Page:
Sunday, September 26, 2010

Sunday 26 September 2010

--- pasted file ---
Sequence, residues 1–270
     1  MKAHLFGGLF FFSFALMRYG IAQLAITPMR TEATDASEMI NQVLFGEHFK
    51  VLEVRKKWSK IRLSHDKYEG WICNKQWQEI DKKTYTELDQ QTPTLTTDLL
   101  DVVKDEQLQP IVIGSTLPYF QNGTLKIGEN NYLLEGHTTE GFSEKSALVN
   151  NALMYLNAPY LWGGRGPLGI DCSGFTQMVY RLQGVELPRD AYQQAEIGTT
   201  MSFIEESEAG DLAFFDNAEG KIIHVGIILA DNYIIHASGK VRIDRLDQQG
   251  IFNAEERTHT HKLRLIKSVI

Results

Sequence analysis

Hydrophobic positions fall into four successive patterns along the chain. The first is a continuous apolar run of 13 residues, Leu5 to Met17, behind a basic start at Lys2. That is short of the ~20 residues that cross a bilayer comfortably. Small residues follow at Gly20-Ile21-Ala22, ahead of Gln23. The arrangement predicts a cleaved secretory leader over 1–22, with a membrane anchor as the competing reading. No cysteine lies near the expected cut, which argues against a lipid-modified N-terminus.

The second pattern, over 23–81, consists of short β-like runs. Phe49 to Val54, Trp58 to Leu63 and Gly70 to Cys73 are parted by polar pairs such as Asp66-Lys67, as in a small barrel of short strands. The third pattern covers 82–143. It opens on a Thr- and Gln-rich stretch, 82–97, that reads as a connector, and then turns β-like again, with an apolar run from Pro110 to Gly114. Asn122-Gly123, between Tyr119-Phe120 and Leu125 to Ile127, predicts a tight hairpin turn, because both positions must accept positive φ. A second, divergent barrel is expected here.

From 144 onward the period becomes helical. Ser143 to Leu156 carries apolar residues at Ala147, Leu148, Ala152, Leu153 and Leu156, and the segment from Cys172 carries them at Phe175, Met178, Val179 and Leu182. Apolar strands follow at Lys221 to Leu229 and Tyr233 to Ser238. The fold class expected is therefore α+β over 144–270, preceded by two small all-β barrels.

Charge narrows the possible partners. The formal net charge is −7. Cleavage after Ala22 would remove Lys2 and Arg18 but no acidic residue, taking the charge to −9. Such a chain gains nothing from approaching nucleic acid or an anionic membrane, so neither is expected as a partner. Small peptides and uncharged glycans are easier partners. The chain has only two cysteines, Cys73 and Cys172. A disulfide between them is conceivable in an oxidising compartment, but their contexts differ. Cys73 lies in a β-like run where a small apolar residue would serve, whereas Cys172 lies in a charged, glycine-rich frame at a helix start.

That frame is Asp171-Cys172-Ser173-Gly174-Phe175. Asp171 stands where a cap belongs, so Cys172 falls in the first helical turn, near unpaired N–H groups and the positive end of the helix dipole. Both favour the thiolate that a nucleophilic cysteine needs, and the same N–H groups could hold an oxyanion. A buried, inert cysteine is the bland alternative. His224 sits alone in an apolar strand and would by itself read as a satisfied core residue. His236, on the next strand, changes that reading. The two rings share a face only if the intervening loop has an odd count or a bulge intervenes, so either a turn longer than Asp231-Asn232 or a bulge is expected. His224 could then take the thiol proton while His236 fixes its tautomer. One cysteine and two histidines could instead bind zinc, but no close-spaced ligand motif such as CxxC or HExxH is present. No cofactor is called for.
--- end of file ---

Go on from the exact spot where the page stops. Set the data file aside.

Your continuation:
Dream: I am stepping into Portman Road, which is an obvious nod to having just spent time with Dave (Mitchell).  The place hasn’t changed since I used to attend regularly (which I know not to be true in the real world).  Soon it turns out that I am not watching a game of football but instead a film along the lines of Irreversible.  Suddenly I am sat in a small darkened room, doing so without even moving.  Again I take it all in, on board and eventually I exit the cinema through an exit positioned in the same place as the Tottenham Court Road station on Oxford Street.  Stood outside is the lady who made the movie I just saw (not Gaspar Noe then).  Without doubt I find her attractive being a pretty and larger lady dressed in black.  I approach her to shake her hand and I appear to frighten her but then I realise this is due to the cuff/sleeve of my jumper being longer and not showing my outstretched hand.  We get into conversation about the movie and it feels as if we are on the small wavelength.  I tell her that she is important.  I am probably hinting/angling at whether she is single (or even straight) and she tells me she is currently seeing/dating Lenny from The Simpsons.  I don’t even question this information but I guess she means the person who does he voice.  She says they’re like “a couple of loved up kids” and I begin to question “isn’t the cartoon thing a bit of stigma?”  I however do not get this question out in time as the remainder of the cinema audience begins exiting and swamping the woman with questions and congratulations.  I decide to make my own exit at which point she asks me if I like clubbing because she still knows people who can get her (us) onto guest lists.  I gesture “yes” jumping at the opportunity to see her further but when I come to ask her how I can get in touch and contact her she seems reluctant to say how, hopefully due to not wanting to reveal so in front of the numerous autograph hunters now crowding her.  Naturally though there is a seed in my mind that she just might not want me to get in touch with her.